What kinds of popular songs have been included and how do they further or complement the narrative?

Universal sentiments and truths are in all forms of lyrics-based music. We also highlight the different vocal styles and the myriad ways in which the human voice can be used. We use both opera singers and contemporary singers in all our shows and the juxtaposition is highly entertaining. Some of the well-known songs you will hear are The Beatles’ Michelle, Charles Aznavour’s She and Yesterday When I Was Young, Dusty Springfield’s version of If You Go Away, as well as some Piaf, like La Vie en rose and Non, je ne regrette rien, some French-inspired jazz songs like Autumn Leaves and I love Paris, and even some punk like Talking Heads’ Psycho Killer!

How did you go about editing the opera to 90 minutes? What kinds of considerations did you bear in mind?

The editing of the score is a carefully crafted process seamlessly flowing from opera into song and sometime overlapping. This is done by arranging the opera score into a chordal format and elements of improvisation are used throughout. I edit the narrative, so the story is intact but fast moving in real time. The integrity of the story is maintained while removing musical repetition.

Photo © Phil Thomson

How will you stage it in a ‘cabaret environment’?

The show will be accompanied by a five-piece jazz band combo, featuring a piano accordion. There will be eight singers (two of whom double up as members of the band). The performance is on the floor amongst the audience and on the stage – in all our shows the performers move in and around the audience, so it is an up close and personal experience for the audience – they feel immersed.

What are the challenges of creating something like this?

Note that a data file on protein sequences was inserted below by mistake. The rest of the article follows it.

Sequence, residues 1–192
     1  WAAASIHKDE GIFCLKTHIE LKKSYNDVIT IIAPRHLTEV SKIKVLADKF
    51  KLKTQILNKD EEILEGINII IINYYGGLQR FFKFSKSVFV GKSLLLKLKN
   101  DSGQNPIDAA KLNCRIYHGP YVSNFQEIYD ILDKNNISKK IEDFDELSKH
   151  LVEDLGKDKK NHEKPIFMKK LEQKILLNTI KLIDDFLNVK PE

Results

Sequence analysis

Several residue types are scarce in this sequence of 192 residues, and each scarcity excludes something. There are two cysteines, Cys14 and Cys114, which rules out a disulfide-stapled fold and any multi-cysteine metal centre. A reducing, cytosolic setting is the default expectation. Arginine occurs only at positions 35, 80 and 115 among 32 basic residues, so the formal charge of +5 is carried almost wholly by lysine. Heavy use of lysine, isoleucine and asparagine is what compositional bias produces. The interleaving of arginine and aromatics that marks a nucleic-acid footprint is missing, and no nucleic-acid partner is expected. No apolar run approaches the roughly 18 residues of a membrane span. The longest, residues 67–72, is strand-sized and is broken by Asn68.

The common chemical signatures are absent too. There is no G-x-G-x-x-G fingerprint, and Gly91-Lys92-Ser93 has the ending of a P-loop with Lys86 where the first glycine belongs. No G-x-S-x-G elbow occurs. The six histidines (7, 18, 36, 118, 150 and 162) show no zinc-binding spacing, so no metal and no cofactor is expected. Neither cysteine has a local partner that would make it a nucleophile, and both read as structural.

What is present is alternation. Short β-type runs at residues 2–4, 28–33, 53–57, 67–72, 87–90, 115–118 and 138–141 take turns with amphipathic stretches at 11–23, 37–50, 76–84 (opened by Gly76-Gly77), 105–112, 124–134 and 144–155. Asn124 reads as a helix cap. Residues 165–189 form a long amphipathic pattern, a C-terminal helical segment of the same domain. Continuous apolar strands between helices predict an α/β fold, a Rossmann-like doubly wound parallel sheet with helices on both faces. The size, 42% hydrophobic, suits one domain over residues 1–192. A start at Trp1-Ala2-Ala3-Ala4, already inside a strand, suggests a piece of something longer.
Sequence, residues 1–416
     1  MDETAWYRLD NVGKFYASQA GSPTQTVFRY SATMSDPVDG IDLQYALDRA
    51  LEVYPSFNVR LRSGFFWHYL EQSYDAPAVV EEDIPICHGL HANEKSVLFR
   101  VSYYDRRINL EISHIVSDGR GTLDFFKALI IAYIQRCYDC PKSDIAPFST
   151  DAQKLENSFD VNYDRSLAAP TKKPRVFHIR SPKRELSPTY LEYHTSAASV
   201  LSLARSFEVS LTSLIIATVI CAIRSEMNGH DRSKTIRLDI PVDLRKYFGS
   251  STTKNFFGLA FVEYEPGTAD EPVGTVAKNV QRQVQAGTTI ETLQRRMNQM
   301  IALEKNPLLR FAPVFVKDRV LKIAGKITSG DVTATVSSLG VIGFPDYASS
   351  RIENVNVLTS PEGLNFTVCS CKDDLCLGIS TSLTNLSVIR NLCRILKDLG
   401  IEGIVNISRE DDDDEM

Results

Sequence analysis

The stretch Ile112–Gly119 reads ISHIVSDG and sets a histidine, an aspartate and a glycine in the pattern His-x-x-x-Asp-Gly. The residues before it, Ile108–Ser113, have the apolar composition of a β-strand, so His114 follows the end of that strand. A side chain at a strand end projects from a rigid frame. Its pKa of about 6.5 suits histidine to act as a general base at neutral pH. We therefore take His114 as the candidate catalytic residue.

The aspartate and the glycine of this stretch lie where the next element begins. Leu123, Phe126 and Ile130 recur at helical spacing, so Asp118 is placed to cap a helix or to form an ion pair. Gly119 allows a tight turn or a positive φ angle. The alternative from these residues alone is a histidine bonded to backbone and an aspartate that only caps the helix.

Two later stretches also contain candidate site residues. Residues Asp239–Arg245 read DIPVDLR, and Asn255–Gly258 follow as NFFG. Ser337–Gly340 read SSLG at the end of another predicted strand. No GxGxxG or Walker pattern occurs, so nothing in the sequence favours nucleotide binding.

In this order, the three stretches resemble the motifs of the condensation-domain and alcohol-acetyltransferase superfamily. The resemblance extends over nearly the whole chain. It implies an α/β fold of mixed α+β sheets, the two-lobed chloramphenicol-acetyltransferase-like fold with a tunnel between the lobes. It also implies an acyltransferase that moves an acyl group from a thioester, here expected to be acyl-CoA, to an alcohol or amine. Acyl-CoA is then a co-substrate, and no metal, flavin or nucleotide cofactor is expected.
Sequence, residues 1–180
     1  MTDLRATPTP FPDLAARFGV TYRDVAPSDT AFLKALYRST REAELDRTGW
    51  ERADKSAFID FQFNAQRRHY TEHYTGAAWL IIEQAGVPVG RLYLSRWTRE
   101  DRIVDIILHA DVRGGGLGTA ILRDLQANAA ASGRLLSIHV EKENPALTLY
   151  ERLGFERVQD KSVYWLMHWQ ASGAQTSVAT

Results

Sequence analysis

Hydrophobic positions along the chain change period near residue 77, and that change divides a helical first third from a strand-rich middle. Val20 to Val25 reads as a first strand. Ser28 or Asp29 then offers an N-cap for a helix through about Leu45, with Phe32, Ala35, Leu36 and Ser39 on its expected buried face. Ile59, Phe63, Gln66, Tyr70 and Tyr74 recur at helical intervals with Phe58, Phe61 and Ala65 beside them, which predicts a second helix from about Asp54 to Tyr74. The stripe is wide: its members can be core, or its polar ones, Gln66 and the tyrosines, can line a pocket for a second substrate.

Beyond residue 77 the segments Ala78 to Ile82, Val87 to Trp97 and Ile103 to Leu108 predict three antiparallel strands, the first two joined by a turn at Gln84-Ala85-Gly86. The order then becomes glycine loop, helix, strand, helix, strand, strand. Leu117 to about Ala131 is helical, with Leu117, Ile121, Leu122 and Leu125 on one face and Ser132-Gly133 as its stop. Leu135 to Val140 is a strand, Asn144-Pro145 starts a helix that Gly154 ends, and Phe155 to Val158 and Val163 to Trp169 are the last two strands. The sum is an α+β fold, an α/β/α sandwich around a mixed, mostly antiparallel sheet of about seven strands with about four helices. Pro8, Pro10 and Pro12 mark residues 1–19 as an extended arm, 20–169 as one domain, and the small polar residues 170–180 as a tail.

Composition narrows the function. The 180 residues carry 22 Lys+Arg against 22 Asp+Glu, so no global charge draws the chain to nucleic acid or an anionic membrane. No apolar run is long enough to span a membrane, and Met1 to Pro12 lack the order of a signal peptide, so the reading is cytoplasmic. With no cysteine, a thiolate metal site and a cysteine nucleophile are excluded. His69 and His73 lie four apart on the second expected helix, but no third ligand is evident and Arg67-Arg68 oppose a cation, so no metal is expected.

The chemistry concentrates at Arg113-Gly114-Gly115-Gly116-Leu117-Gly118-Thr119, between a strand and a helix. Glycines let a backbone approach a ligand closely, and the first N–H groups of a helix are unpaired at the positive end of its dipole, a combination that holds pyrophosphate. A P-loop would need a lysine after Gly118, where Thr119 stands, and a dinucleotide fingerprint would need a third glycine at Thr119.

The biggest challenge is around people’s perceptions. A challenge comes from the opera “purists” who are often quick to criticise what we are doing without actually coming to see a show or understand our respect for opera and all music idioms.

Another challenge comes from the opposite end of the spectrum with people who don’t like opera and trying to convince them that our shows appeal to a mainstream audience. This can be a problem when you are trying to put on an opera at a rock venue, but it hasn’t stopped us yet!

What do you hope audiences take away? 

We aim to have our audiences totally immersed, engaged and entertained by the production and we hope to break some negative stereotypes about opera. We hope that those who have never seen an opera will have a wonderful introduction to this powerful art form and may be tempted to go and see an opera on the mainstage. We hope that audiences get to hear and understand that all music comes from the same roots and is inspired through centuries of creativity and adapted ideas. There is well written music and badly written music in all idioms and the well written music with its universal human themes will stand the test of time.


Emotionworks Cut Opera’s Tales of Hoffmann is at the LUX nightclub, Melbourne on November 10, 17, 24 and December 1